Catalonia’s human towers could rival any city skyscraper – not for their height, but for architectural ingenuity and overall “wow factor.” What’s a human tower, you ask? Picture this: a 36-foot-tall (10.97 m) structure completely constructed from human LEGOs (not those human shaped LEGO people either, actual people).
Catalonia in 360º: “Castellers”
If this sounds like your perfect idea of adventure, hop on the next plane to Tarragona, Spain, where the “Concur de Castells” competition takes place once every two years, during the first week of October. Whether you’re participating in the action or watching from afar, this event promises to be a memorable adventure, with a live audience of more than 20,000 spectators and over 30 teams (Colla) of 100 – 500 people from all around the world.
The tradition of building castells (human towers) was believed to have had their origins in the traditional folklore dance of Valls (a city near Tarragona), at the end of 18th century. During these dances, small human towers were customarily built to signify the end of a routine. Eventually, however, the activity became a popular sport on its own, especially after the first 9 level castell was built.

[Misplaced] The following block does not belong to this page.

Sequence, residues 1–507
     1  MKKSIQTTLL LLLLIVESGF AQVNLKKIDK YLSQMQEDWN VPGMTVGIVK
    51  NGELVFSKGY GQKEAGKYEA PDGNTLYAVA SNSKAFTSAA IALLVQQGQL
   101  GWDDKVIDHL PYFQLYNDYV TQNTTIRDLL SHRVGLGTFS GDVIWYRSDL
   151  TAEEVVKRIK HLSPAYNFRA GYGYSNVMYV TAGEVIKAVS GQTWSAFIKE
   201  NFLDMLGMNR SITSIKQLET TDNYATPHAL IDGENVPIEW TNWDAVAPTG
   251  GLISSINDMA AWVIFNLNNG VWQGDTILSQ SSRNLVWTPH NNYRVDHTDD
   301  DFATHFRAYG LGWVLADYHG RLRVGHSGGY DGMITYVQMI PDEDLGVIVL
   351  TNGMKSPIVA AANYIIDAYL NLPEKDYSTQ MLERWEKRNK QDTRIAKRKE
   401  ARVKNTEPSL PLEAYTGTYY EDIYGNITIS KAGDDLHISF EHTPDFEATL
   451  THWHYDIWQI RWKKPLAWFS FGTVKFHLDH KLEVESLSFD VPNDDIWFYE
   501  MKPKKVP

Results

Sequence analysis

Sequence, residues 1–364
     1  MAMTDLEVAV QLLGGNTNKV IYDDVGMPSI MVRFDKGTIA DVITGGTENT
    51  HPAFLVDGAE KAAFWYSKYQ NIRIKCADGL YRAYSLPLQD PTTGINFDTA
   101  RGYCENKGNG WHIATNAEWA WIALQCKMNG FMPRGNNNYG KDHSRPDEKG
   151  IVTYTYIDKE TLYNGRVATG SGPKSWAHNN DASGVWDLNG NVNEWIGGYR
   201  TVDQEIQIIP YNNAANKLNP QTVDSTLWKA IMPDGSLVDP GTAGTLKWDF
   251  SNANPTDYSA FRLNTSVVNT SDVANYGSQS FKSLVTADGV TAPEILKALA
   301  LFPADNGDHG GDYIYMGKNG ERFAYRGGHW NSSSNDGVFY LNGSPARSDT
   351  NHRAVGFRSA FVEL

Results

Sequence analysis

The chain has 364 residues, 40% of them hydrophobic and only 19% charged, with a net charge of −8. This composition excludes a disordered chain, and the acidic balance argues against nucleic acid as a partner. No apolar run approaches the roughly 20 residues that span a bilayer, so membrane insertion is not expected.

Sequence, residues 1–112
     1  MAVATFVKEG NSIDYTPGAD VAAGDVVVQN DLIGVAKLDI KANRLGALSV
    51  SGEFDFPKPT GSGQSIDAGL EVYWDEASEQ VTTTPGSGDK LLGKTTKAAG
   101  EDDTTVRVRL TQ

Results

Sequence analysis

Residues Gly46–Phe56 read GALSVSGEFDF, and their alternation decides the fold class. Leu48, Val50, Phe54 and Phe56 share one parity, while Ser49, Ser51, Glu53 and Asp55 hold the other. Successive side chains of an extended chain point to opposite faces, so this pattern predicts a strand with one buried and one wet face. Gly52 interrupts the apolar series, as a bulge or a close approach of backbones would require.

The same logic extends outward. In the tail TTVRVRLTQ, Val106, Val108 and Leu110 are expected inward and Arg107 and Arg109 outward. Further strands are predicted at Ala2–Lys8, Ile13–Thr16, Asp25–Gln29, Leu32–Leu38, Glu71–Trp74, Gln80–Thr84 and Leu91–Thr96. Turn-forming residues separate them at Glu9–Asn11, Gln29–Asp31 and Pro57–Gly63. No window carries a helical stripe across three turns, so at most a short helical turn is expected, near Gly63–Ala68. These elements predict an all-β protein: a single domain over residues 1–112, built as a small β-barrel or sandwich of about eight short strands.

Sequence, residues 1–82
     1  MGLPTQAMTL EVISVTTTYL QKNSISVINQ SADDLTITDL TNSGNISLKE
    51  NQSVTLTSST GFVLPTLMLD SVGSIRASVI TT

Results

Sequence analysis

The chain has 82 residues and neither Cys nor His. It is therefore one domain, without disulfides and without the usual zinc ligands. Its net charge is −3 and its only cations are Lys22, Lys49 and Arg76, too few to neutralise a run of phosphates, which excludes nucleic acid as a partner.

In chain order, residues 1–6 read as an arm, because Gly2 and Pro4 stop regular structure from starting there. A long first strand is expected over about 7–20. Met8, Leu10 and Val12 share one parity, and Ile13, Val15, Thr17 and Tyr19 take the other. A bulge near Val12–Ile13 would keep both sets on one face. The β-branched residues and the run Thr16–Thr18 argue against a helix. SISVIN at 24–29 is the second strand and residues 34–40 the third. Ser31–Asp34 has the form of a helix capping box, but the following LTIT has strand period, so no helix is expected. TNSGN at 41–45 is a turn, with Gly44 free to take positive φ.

Today, the competition brings together Castellers (castle builders) of all ages to construct towers ranging anywhere from six to ten levels high. Points are rewarded based on the height of the final tower, as well as its level of difficulty to construct. Generally, a successful tower is constructed by first having a strong base (pinya) of men, which supports the upper levels of lighter children and women.
The assembly of a castell is completed once all castellers have climbed to their designated places and the top most casteller, or enxaneta, raises one hand with four fingers erect – a gesture that is said to symbolize the stripes of the flag. Once this motion is completed, the enxaneta begins his or her descent from the other side of the castell, and is followed by the remaining levels of castellers until everyone reaches the ground safely.
Although the construction of a castell is a marvel, an adventure and a performance all in one, it is also an important part Catalan tradition. In fact, in 2010, UNCESCO recognized castells as amongst the Masterpieces of the Oral and Intangible Heritage of Humanity – a title your LEGOs will never be able to obtain.